Sunday, December 27, 2015

The Forgotten Kingmaker

You could have written the script. Indeed, many had. The opinion polls had been right except in one respect. The citizens decided that the Citizens' Party, Ciudadanos, was less a panacea for political new-ageism than Podemos. The citizens had thus concluded that collectively they could, as in backing the Podemistic optimism of We Can, as opposed to the Ciudadanos' message of We Might Possibly Be Able To Were It Not For The Fact That We Give The Impression Of Being The PP In Disguise.

No sooner had the first results started coming in, and analysts were rushing to examine various permutations which should have been obvious before the citizens even stepped into the polling stations. The media love of seeking a kingmaker had conveniently ignored the fact that the Warwick of the Spanish war of the election roses was was not going to be the Prickly Rose of Pablo Iglesias and Podemos or the Trailing Rose of Albert Rivera and the C's but rather the Redleaf Rose of Pedro Sánchez and PSOE.

The boy Pedro was being advised left, right and centre by the left, by the right and by the centre. Which way should he go? Which way will he go? Whichever direction he takes, it would appear not to include Mariano Rajoy as a fellow traveller. Making it clear that Mazza would not receive investiture support, the interpretation was that Pedro wouldn't be touching the PP with a pact barge pole, while a different one might be that he would be prepared to, if Mariano is packed off to Galicia, never to darken governmental doors again.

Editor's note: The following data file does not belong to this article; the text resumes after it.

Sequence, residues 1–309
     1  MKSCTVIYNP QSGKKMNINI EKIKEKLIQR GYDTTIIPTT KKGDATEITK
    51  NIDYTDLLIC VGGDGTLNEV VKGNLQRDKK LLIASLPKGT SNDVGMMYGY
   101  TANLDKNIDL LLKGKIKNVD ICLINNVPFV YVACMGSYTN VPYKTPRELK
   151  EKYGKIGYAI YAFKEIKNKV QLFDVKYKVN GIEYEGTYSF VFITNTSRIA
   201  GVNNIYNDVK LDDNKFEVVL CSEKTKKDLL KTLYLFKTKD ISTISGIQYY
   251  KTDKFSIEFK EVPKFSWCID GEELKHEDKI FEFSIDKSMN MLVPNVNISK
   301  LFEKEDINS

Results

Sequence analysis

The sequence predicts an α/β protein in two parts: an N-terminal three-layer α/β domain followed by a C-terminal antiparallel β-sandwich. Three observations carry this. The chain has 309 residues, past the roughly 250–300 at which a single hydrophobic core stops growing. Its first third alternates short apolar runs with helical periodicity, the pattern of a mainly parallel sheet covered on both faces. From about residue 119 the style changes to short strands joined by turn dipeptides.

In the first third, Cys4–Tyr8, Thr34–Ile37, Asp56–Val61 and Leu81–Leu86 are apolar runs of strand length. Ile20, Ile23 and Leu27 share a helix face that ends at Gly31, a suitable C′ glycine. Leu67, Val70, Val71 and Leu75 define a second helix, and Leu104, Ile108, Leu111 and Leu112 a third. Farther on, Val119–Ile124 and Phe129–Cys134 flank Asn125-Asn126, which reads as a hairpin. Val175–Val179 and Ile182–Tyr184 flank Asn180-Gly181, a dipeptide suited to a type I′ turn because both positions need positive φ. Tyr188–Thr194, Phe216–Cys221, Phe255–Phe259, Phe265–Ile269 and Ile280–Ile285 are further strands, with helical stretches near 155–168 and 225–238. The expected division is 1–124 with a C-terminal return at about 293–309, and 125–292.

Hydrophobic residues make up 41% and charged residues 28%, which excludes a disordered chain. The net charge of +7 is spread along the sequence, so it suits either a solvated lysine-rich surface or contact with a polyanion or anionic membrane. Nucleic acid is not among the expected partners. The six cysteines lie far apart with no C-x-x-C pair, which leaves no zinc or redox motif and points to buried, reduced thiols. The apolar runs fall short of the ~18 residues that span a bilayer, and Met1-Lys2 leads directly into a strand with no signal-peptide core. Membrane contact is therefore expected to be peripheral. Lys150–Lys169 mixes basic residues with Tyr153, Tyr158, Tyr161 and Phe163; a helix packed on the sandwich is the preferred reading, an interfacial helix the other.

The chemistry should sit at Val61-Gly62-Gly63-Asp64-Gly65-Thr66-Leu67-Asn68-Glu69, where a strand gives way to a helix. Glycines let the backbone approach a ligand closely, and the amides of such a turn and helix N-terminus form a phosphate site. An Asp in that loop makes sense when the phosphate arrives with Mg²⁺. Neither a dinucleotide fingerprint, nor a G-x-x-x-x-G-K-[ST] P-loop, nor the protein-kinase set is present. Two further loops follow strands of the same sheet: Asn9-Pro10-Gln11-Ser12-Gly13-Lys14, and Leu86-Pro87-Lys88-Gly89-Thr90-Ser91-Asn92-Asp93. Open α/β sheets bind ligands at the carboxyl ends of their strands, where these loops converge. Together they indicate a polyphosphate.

Having seen Pedro assault Mazza with such verbal gusto during their head-to-head TV debate, it was now alarming to find them posing for the media with statesman-like expressions and a handshake. All's fair in love, war and election campaigning, but for Pedro to even give the possibility of taking the hand of the fair Mariano in a tryst of grand coalition some element of houseroom in the stately rooms of the Moncloa Palace appeared to be stretching political opportunism too far. But Pedro would have known, even before agreeing to an appointment with the damsel prime minister in distress, that shacking up with him would incur the interminable wrath of both the Prickly Rose and the Trailing Rose. "Casta," they would shout. The citizens' voices raised against the two-party dominance would have been ignored. The PP and PSOE would walk together hand-in-hand, thumbing noses at the new age of political pluralism.

Pedro thus finds himself between a rock and an even bigger rock, both of which are poised perilously and about to fall on him from a great height. At the back, or more likely at the front of his mind, he'll be thinking about the next election (and not a re-run of last Sunday). For PSOE, having taken a further electoral tumble, it is imperative to regain the lost ground since 2011. Go with the PP, and it risks citizen revulsion, even if it might be the most pragmatic way, and decimation in four years time. Go with Podemos, and it risks being ground into submission. He should ask sweet and friendly Francina what it's like to do business with Podemos. "Don't even go there," she should say, but publicly wouldn't, because as we know - as she and other PSOE-ists in the Balearics say so - the regional government is working well because of the new age of dialogue and consensus, supported by the agreements for governability.

Who'd be Pedro Sánchez?

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